Today is International Day of the Girl Child.  Launched in 2012 by the United Nations as an annual initiative, the day aims to highlight and address the needs and challenges girls face, while promoting the empowerment of girls and young women across the globe.

According to the U.N., educated and skilled workers are in great demand, but roughly a quarter of young people – most of them female – are currently neither employed or in education or training.

Under the theme: “With Her: A Skilled GirlForce”, the 2018 campaign marks the beginning of a year-long effort to address increasing female unemployment rates and gender bias that prevents women from pursuing certain career paths.

On this special day, the Student Research Foundation would like to call attention to some of the leading organizations with which we work and their dedication to expanding learning and career opportunities for girls.

National Center for Women & Information Technology (NCWIT) – NCWIT is the only national non-profit focused on increasing the meaningful participation of all women — at the intersections of race, ethnicity, class, age, sexual orientation, and disability status — in the influential field of computing, particularly in terms of innovation and development. Supporting a community of more than 1,100 organizations, NCWIT unifies change leaders in an action-oriented movement to create national change.

National Girls Collaborative Project (NGCP) –  NGCP brings together organizations throughout the United States that are committed to informing and encouraging girls to pursue careers in science, technology, engineering, and mathematics (STEM).  Using a tested and comprehensive model of change built on collaboration at state and local levels, NGCP delivers high-quality research-based professional development and maximizes access to shared resources, exemplary practices, program models and products to expand and strengthen STEM-related opportunities for girls and women.

In addition, NGCP operates and manages The Connectory, the most comprehensive collection of STEM opportunities and programs for families to discover local STEM opportunities for the children in their lives and for program providers to find partners with which to collaborate.

The National Alliance for Partnerships in Equity (NAPE) – NAPE is a consortium of state and local agencies, corporations, and national organizations. Through its four lines of business—professional development, technical assistance, research and evaluation, and advocacy—NAPE strives to achieve its mission of building educators’ capacity to implement effective solutions for increasing student access, educational equity, and workforce diversity.

These domestic organizations are addressing a critical need. While women in the US have made notable progress toward educational and professional equity during the past century, the persistence of the gender gap in STEM fields poses challenges of a different degree than faced by women and girls in other countries. In a world driven by technology, closing this gender gap is a critical step toward economic equity.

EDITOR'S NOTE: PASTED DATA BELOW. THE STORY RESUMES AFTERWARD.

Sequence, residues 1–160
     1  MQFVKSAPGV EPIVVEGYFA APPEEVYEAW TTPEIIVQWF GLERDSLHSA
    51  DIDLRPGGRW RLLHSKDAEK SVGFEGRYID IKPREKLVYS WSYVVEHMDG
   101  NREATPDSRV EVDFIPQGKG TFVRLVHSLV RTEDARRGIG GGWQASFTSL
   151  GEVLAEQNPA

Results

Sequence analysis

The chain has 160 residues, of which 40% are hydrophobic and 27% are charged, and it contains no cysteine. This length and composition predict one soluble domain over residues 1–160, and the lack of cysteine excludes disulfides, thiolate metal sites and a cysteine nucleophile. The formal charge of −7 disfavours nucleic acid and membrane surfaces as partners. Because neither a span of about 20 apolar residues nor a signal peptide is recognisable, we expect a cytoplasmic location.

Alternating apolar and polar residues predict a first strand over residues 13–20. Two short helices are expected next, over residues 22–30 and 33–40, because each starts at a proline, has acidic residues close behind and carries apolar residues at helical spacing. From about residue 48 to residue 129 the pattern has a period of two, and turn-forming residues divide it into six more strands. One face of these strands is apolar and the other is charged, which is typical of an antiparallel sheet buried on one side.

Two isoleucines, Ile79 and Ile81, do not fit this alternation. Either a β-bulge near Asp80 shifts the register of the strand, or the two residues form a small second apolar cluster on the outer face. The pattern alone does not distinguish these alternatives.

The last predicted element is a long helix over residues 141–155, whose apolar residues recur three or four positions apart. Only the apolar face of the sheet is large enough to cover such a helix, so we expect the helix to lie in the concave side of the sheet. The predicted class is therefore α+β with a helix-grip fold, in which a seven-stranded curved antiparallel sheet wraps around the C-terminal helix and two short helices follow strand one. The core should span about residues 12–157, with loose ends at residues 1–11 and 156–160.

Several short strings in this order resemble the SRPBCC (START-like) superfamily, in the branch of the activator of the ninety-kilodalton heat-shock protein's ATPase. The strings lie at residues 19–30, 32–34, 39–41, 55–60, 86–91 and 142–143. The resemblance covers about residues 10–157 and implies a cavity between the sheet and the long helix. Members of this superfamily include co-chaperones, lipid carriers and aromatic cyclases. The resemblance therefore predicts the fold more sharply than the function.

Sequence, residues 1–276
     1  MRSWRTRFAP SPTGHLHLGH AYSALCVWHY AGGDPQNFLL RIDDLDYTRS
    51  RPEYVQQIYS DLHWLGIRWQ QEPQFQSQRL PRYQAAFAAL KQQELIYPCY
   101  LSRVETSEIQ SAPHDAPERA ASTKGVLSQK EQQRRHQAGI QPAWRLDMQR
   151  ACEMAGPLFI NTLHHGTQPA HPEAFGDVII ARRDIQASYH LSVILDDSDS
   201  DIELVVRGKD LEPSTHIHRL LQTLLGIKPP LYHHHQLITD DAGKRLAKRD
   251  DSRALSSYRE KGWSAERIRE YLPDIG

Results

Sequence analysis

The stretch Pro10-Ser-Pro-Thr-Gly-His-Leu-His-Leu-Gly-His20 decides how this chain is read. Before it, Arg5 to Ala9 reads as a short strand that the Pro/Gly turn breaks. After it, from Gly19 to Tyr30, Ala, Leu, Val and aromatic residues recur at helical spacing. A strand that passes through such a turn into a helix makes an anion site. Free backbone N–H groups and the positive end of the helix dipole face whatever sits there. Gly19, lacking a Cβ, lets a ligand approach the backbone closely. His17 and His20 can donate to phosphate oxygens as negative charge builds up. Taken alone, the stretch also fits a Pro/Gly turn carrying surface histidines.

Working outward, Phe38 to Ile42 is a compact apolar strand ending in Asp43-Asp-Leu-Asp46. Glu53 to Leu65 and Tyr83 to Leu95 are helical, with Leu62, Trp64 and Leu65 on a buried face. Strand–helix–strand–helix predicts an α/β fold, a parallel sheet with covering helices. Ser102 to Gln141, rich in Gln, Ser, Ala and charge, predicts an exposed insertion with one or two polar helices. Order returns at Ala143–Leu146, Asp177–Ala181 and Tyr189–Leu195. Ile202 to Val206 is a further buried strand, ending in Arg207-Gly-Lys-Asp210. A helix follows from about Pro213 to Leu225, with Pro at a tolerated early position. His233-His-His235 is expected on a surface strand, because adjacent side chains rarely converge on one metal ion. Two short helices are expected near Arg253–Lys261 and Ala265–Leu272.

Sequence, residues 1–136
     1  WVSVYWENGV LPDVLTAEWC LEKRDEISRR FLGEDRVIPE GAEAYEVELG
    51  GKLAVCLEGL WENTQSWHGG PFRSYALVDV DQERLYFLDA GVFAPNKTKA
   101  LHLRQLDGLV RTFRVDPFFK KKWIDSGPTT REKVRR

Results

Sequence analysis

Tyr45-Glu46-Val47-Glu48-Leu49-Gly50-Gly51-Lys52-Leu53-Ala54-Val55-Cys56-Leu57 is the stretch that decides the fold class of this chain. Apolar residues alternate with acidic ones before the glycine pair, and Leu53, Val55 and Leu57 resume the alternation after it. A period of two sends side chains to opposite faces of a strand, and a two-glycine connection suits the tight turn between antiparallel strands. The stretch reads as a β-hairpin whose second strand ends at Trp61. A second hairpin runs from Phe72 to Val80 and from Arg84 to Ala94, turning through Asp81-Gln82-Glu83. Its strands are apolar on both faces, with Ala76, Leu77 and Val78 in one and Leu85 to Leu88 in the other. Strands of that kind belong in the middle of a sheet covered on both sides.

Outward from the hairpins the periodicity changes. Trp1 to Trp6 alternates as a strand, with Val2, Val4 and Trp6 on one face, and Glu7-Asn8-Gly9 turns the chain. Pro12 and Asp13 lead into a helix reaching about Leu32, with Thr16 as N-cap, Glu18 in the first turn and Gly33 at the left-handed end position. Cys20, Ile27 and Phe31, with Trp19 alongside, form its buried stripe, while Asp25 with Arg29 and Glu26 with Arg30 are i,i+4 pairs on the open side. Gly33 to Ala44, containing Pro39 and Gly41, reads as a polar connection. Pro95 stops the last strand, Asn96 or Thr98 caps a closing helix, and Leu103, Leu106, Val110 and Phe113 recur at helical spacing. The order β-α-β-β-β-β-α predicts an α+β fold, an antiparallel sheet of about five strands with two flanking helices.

A Student Research Foundation survey of 16,129 students in STEM classrooms during Fall 2017 showed persistent gender gaps in:

  • STEM subject interest
  • STEM self-efficacy
  • STEM career aspirations

These gender gaps are particularly noteworthy in a population that is still engaged in STEM in light of their enrollment in STEM classes.

Students in these STEM classes were asked to indicate their favorite STEM subject. When presented with a list of 11 STEM disciplines, along with options of “Other STEM” and “None,” striking gender gaps emerged that have implications for career pathways.

  • Males and females favored different STEM subjects. Biology was the overwhelming favorite of females (40% citing it as a favorite subject compared with 17% of males). Engineering was the overwhelming favorite of males (42% citing it as a favorite compared with 11% of females).
  • Females are more likely than males to choose “None” as their favorite (19% vs. 11%).

STEM self-efficacy was lower among girls than boys. While 33% of high school boys surveyed in STEM classrooms were extremely or very confident their STEM skills and knowledge would allow them to enter a STEM career, only 26% of girls were. (This pattern persisted across racial and ethnic groups.) A gender gap in STEM confidence persists even among:

  • Self-described “A” students, with boys being more confident than girls (45% vs. 34%, respectively, being extremely or very confident).
  • Students who took AP STEM classes, with boys being more confident than girls (48% vs. 37%, respectively, being extremely or very confident).
  • Self-described “A” students who have taken AP STEM classes, with 54% of boys compare with only 44% of girls being extremely or very confident of their STEM skills and knowledge.

Not surprisingly, given these patterns, student respondents enrolled in these STEM classes showed sharp differences in career aspirations. Only 29% of female respondents aspired to a career labeled as “STEM” — compared with 66% of male respondents.

However, girls surveyed planned to use their STEM knowledge to achieve different career goals than their male peers. Fifty-four percent of girls, compared to only 20% of boys, surveyed in STEM classes aspired to a Health Science career.

On this International Day of the Girl Child, these gender differences in STEM attitudes remind of us of the challenges that continue to face women and girls.

Related Posts
Who Is Preparing for STEM Careers? Our Research Finds Surprising Gaps
Giving Voice to Student Career Aspirations
Women’s History Month and ‘Women’s Work’: The More Things Change, the More They Remain the Same

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